Last year’s INDOPACOM intern cohort featured seven William & Mary students, including five former fellows from GRI’s Project on International Peace and Security. Lucas Hauser ‘23, Matthew Hauser ‘23, Nitya Labh ‘22, Del Manson ‘22, Christina Durham ‘21, and former AidData Research Assistants Noa Zielinski ‘23 and Will Nelson ‘17 strategized maritime security, formulated humanitarian disaster plans and analyzed war games. This year, the interns include two members of the Global Scholars Program: Micheal and Park.

“I can’t tell you how valuable it was to be taken seriously and to have representatives from all across the Indo-Pacific Command trust me to do important work, and then to see my contributions valued at the end of the day,” Hauser said.

Learning strategy and planning

Labh said the internship gave her exposure to different tenets of strategy and planning, with responsibilities that evolved over time. She initially worked specifically with the J56 division, which focused on “the idea behind that we help with U.S. posture across the Indo-Pacific defensively,” before moving to the J58 division, which centered around the United States’ domain in South Asia. 

“I was part of the action, and I want to go back because I really enjoyed that kind of work,” Labh said. “I don’t think students of international relations or foreign policy would really understand what the government does or how it works until we actually get an inside look. I think this internship was designed to give students that inside look to better place themselves in their academic studies and their careers.”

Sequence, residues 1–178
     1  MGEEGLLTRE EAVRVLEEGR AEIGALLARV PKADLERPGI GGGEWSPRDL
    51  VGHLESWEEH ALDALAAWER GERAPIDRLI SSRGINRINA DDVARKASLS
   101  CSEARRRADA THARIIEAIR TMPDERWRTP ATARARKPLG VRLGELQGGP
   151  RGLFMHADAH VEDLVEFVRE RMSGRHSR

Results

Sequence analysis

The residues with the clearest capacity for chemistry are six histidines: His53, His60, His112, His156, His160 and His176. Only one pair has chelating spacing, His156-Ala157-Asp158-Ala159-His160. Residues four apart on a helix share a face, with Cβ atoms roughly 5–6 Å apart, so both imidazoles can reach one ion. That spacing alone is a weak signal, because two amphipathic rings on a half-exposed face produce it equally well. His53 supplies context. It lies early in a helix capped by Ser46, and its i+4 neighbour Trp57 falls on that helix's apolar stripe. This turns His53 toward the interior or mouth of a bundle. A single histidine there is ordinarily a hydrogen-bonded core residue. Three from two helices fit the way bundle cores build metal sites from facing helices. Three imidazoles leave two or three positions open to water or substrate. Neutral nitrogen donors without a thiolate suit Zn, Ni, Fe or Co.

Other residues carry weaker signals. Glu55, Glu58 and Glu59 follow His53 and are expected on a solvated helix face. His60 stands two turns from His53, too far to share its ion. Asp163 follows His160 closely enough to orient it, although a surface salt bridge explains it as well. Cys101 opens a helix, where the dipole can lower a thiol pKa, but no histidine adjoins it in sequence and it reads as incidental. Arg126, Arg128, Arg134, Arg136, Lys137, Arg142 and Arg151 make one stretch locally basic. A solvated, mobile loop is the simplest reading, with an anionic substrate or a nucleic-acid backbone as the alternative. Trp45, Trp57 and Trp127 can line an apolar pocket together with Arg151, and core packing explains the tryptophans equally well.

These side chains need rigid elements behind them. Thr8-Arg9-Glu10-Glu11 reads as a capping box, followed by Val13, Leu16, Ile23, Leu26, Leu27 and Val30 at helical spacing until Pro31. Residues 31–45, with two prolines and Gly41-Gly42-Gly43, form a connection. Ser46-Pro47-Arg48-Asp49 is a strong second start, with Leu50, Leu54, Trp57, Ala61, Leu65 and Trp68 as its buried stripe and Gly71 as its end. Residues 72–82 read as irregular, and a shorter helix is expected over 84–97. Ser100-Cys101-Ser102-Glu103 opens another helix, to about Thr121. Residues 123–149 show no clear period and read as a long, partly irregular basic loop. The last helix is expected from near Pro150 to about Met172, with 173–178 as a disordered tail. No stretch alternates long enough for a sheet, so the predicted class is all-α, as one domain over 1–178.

Shortly before the interns took their roles, China had signed a bilateral security cooperation agreement with the Solomon Islands, Hauser said. 

“Suddenly, international interests in the Oceania region magnified by 100 times,” he said. “I was tasked with putting together an interagency meeting to come up with a unified INDOPACOM strategy for the Oceania region.” 

People pose for a photo together at the top of a hill with water in the background.
Delharty Manson ‘22, Matthew Hauser ‘23, Nitya Labh ‘22, Christina Durham ‘21, Lucas Hauser ‘23, and Noah Zielinski ‘23 visit the Kilauea Iki Crater at Volcanoes National Park in Hilo, Hawaii. The interns had the chance to form connections with experts, and with one another, throughout a summer of exploration in Honolulu. Seven new William & Mary students will have that chance this summer. (Courtesy photo)